Leinster’s interprovincial training is starting in April. “I am a turncoat even though I am a Connaught woman, I play for Leinster because it’s handier really,” Marian says.

Bringing home bronze

Marian was part of the squad that travelled to Cape Town in South Africa for the Masters’ World Cup earlier this year. The Irish women’s over-55s group came home with a bronze medal.

Captain of the squad Joanne O’Grady tells Irish Country Living that their success in Cape Town was incredibly empowering and gave the team a sense of purpose. “The competition is really world-class, it’s not occupational therapy for old ladies, it is incredibly competitive, a huge amount of training goes into it,” she says.

The Irish squad were put into a very competitive pool and had the huge task of playing seven matches in five days, which was physically demanding.

They went on to play the Netheralands in a fight for the bronze which they won. “We were particularly happy about it as they beat us in the Europeans 4-1,” says Marian.

Farm life

Even though she trained in nursing, Marian hasn’t nursed for the last 17 years. From 1982-2005 she worked between intensive care, midwifery, general nursing and public health nursing. “I used to love it,” she says.

After having four children, however, she found it harder to go back to work.

“I was needed at home with the kids and then childcare became an issue,” she says of her decision to trade scrubs for wellies.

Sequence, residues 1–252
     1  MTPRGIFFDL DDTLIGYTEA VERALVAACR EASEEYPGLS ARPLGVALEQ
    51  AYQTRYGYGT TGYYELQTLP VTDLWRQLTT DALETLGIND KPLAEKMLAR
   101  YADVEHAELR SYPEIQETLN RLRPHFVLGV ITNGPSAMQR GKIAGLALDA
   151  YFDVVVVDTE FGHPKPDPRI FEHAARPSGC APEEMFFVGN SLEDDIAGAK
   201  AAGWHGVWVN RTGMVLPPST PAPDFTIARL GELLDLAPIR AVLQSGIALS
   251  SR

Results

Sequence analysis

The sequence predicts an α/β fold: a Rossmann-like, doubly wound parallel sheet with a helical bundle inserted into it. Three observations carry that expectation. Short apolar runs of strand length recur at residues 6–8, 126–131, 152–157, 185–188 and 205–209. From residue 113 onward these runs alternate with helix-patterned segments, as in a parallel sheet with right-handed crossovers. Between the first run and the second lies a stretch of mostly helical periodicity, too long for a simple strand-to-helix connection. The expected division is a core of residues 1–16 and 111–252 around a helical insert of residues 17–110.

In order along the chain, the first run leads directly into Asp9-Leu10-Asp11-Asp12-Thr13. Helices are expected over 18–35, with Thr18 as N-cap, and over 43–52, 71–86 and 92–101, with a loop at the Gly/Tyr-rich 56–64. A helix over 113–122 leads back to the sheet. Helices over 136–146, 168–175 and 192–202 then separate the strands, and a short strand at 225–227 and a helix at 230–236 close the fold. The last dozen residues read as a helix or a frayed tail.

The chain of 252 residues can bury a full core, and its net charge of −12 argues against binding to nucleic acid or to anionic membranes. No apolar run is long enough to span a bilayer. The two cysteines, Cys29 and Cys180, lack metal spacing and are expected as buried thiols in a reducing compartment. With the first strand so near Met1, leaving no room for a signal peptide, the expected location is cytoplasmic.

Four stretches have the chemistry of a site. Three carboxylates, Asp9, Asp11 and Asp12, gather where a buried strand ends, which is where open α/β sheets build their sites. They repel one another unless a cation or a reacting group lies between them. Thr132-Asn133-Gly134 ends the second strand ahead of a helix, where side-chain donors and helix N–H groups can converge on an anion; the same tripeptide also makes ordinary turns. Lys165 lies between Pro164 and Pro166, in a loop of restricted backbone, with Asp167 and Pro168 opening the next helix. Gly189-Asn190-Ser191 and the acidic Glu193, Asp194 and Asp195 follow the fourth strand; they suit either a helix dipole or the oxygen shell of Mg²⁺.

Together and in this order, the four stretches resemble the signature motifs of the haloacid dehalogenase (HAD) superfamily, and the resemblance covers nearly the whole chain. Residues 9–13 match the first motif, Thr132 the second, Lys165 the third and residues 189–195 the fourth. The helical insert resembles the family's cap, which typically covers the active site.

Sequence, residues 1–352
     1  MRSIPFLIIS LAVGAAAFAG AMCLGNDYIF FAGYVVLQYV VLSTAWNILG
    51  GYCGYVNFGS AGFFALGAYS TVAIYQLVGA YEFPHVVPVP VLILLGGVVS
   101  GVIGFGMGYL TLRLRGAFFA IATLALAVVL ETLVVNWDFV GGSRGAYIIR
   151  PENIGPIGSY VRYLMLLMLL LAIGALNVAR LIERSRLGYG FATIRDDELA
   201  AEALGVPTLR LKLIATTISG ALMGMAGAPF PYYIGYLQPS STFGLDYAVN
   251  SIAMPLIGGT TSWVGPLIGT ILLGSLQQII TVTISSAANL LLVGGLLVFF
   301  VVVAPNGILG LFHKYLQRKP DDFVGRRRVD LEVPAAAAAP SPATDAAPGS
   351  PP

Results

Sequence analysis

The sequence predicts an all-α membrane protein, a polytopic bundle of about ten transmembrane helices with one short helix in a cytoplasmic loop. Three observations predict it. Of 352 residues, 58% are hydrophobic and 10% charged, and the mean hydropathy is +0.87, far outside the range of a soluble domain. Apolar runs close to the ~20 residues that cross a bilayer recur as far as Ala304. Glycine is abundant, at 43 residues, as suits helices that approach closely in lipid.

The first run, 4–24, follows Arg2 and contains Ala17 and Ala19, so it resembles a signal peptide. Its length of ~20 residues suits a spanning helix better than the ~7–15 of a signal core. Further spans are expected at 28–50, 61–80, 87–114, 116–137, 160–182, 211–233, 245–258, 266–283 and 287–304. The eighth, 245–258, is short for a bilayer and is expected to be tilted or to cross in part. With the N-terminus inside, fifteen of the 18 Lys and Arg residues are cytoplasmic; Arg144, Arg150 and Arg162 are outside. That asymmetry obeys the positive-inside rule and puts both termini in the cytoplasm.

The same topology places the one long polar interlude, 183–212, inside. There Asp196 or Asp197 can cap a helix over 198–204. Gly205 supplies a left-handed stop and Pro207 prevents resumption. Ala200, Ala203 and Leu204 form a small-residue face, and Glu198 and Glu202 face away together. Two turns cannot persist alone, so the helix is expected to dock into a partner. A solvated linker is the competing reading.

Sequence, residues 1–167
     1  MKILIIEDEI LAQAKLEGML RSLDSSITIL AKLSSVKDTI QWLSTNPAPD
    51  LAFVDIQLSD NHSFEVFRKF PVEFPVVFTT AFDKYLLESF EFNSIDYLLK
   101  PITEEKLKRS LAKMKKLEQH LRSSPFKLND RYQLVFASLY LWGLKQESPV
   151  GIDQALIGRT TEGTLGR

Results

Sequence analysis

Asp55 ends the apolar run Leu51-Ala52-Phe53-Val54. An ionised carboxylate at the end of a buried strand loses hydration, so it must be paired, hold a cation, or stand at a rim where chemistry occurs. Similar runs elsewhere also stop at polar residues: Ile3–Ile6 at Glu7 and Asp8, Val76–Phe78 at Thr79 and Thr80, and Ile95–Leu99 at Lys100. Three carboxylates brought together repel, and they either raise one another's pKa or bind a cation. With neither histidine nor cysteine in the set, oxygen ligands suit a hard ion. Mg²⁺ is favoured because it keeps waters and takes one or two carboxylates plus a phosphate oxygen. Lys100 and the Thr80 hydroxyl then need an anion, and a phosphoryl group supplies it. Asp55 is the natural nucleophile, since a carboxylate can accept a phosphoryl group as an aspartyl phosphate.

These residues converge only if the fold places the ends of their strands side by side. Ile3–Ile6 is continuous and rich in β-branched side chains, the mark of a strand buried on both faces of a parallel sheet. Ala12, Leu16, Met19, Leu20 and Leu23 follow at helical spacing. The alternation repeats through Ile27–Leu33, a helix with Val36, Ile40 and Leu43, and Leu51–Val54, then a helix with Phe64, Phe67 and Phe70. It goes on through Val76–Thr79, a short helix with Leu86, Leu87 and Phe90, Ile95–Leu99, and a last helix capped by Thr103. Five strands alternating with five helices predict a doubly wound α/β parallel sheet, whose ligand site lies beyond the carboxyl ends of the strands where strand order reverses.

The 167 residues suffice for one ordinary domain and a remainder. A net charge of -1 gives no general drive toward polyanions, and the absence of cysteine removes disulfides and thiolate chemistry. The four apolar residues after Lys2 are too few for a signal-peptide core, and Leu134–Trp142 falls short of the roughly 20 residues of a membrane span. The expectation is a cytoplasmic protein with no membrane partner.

Since getting married, she has always helped out with tasks such as vaccinating or moving cattle. Over the last 12 years - “when the children could fend for themselves!”- she has become more involved in the enterprise.

At this time of year, she is busy managing the 40-50 calves on the home farm. “We never really have more than that. We have Friesian heifers that we will keep and rear ourselves until they become cows,” she says. They hope to milk 110 cows in their herringbone milking parlour by the end of the year.

She has learnt everything she knows about farming from her husband. ?“Kieran is brilliant. He has been a farmer since the age of 18 and this is his home. He would always have kept up to date with the best practices,” says Marian, adding that the nursing side of things helps her to understand the importance of hygiene in calving.

Faming brings variety, she says, but her favourite part is being outside in the fresh air getting exercise. She says, “I actually love that, especially on a summer’s morning when the cows are out. You are up before six o’clock watching the sun rise and hearing the birds while you bring the cows home. You can’t beat that.”

Encouraging people to get active

Talking about playing sports through the various life stages, Marian tells Irish Country Living that “the hardest challenge at this stage is keeping injury free”.

She adds, “You are more prone to injuries like hamstrings, which don’t always fully recover.

“It’s very hard [for older people] to get into sports now, but if you can keep up walking, running or jogging, it will help. Taking up a sport is probably particularly hard when you get to over 40, but as the Irish Masters over 55s team has shown, it can been done.”